TDF Corporation made software programming fixes as the test progressed. A downside to remote testing was a lack of control over the test environment. Communications were sporadic or interrupted at times, and test participants were not always immediately available. However, we persevered and completed the system acceptance test successfully in 2 weeks.

Reporting Excess Items


Here’s how the new NWR reporting and redistribution process works. The reporting PBO enters information on excess items into the DAISY/DPAS prenotification excess database. Every Friday, the AEPS application pulls the data, compiles them by unit identification code (UIC) with associated points of contact (POCs), and emails the data to all program participants. If a program participant finds an item that meets his mission requirements, he accesses the AEPS excess program to submit a request for redistribution, or a “hold.” A hold action generates an email notification to the approving command POC requesting that he access the program to approve or disapprove the redistribution request.

When a decision is made, an e-mail is sent to the reporting and requesting PBOs to notify them of the disposition of the redistribution (hold) request. If the request is approved, the e-mail notification provides an electronic Department of the Army Form 3161, Request for Issue or Turn-In, with the UIC, item description, and electronic command approval signatures. If no claim for an item is received during the 21-day screening period, a disposition email is sent to the reporting PBO with instructions to process the item to the SSA for disposal.

AEPS also has a “want list” capability that allows unit POCs to submit, by Federal stock class and nomenclature, requests for AEPS to search the database. When a reported item’s Federal stock class or nomenclature matches that of a requested item, the requester is notified by e-mail of the item’s availability. AEPS has a metrics reporting function that commands can use to monitor the effectiveness and return on investment of the excess program. This feature is linked directly to the e-mail engine and reports generator, so data can be updated automatically.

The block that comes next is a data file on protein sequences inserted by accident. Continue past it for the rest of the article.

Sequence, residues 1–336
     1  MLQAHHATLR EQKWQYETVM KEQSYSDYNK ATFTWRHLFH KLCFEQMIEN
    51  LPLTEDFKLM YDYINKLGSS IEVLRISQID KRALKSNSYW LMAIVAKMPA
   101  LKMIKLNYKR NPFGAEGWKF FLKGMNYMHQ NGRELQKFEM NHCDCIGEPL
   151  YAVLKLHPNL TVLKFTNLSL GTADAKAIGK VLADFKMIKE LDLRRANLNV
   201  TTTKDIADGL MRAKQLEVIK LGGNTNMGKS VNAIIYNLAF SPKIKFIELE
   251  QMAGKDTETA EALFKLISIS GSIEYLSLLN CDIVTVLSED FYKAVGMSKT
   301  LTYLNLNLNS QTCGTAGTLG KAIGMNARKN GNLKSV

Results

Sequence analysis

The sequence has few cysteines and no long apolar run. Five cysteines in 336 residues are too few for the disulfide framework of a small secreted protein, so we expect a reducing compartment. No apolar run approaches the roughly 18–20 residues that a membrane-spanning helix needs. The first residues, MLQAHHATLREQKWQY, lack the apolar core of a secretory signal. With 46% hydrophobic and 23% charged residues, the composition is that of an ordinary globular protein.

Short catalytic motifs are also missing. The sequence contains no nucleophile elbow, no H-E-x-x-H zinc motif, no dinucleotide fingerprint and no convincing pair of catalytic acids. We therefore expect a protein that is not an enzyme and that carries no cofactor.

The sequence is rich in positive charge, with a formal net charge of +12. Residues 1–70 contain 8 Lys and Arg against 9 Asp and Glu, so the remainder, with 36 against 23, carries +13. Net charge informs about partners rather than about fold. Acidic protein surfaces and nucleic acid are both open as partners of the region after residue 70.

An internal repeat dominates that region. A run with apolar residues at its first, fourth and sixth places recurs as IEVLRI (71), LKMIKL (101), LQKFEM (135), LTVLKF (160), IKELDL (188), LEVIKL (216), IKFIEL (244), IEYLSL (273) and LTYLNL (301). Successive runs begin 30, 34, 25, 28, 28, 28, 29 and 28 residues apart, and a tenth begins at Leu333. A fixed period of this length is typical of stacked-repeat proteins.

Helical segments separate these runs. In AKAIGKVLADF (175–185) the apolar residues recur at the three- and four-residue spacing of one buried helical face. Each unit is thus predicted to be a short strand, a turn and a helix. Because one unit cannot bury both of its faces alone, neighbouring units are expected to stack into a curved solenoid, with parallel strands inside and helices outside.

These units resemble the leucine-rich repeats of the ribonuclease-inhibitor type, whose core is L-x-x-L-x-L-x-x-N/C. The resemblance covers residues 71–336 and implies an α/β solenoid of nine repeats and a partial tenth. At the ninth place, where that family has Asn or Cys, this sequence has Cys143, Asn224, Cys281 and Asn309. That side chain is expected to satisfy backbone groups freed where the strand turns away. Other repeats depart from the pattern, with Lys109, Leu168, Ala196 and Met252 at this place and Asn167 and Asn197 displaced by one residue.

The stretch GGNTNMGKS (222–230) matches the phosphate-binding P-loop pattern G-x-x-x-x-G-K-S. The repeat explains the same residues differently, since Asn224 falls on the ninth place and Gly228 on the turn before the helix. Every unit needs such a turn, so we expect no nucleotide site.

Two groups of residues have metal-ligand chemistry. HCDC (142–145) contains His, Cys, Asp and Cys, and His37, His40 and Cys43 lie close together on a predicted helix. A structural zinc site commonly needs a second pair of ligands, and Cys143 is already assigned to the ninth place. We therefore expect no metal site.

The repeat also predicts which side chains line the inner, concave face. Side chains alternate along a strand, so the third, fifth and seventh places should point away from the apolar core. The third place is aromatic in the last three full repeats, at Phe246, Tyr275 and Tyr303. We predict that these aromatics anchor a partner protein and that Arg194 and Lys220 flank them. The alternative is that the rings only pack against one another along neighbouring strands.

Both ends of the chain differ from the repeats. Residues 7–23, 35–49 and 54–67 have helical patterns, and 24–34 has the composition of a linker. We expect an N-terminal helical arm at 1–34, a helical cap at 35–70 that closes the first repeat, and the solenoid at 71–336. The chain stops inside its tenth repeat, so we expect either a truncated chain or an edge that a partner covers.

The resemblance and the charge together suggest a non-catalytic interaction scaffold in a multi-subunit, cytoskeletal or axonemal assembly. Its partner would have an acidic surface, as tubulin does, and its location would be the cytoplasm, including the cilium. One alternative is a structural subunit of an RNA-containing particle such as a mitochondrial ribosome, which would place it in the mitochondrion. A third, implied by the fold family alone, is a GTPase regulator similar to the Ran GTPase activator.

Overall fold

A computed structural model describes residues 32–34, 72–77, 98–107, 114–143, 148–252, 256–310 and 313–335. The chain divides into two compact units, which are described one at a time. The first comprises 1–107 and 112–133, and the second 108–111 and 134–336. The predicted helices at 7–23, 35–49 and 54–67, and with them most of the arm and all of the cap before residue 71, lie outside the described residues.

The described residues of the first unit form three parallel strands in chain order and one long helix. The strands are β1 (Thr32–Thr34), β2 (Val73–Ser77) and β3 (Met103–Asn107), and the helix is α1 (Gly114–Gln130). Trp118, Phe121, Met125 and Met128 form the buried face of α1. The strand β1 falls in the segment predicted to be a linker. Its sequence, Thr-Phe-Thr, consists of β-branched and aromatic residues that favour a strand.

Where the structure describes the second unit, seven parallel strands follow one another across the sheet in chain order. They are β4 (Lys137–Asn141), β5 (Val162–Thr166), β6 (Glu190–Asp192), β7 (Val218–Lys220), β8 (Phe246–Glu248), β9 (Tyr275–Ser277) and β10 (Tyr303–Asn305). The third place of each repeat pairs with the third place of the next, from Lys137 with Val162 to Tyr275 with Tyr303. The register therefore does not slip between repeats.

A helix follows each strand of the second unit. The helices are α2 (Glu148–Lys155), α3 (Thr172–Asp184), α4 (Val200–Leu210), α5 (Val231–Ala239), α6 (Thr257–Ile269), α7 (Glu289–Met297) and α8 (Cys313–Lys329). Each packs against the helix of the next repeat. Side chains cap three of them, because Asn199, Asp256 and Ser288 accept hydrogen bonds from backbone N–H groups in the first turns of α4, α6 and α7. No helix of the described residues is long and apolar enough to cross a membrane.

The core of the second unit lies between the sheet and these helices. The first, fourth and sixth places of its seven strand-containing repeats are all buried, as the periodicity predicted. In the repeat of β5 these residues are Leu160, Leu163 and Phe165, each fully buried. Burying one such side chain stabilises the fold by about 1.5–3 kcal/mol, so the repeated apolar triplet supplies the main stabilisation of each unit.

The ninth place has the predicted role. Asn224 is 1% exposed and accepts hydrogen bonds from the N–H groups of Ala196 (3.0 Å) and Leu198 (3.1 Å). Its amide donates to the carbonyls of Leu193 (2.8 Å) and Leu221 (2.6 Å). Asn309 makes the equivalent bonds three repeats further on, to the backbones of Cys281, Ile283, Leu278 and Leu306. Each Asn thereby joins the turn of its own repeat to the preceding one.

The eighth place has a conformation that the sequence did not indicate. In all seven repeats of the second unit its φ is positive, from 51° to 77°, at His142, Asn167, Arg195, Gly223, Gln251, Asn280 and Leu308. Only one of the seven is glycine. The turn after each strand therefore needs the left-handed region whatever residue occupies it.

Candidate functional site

Fielding

Because the AEPS system is Web-based, no additional software or hardware was required to field the excess program. We established an implementation schedule and determined associated actions. Fielding consisted of publishing command policy and procedures, identifying all program participants, establishing user restrictions on AEPS, providing a training compact disk (CD), and scheduling video teleconferences (VTCs) with installation PBOs and command POCs. We provided them with NWR program guidance on 3 October 2003. JMC and CMA subsequently endorsed this guidance, and the training CD was shipped to all program participants. By VTC, each command participated in reviewing program responsibilities and answering operational and system fielding questions.

The PBOs began submitting information on excess items to the DPAS prenotification excess database during the first week in November, and the first generation of excess listings and subsequent automatic emailing to all program participants occurred the following week.

To date, our established objectives have been met. We have gained visibility of excess items on the garrison property book, maximized use of current automation, and minimized the workload impact on garrison personnel. Since implementation of this program, we have redistributed excess items valued at more than $4 million. We expect this figure to rise to $10 million by the end of this fiscal year as the value of redistributed items continues to be high. This represents direct cost avoidance for program participants and extends the usefulness of items. To provide good stewardship of Army and IMA resources, we are planning to field our excess system to the remaining three IMA CONUS regions. Non-IMA installations and tenant activities will be able to participate in the programs at the discretion of their command and garrison hosts.

As the Army moves toward implementation of Enterprise Resource Planning under the Global Combat Support System, resources for current systems are limited, and we will be challenged to provide interim solutions to maintain the Army’s logistics edge. ALOG

Clinton W. Mecham is a logistics management specialist in the Installation Management Agency (IMA) Northwest Region at Rock Island Arsenal, Illinois. He is a member of the IMA Logistics System Architecture Working Group, which is chartered to analyze, review, and develop logistics systems capabilities at the installation level.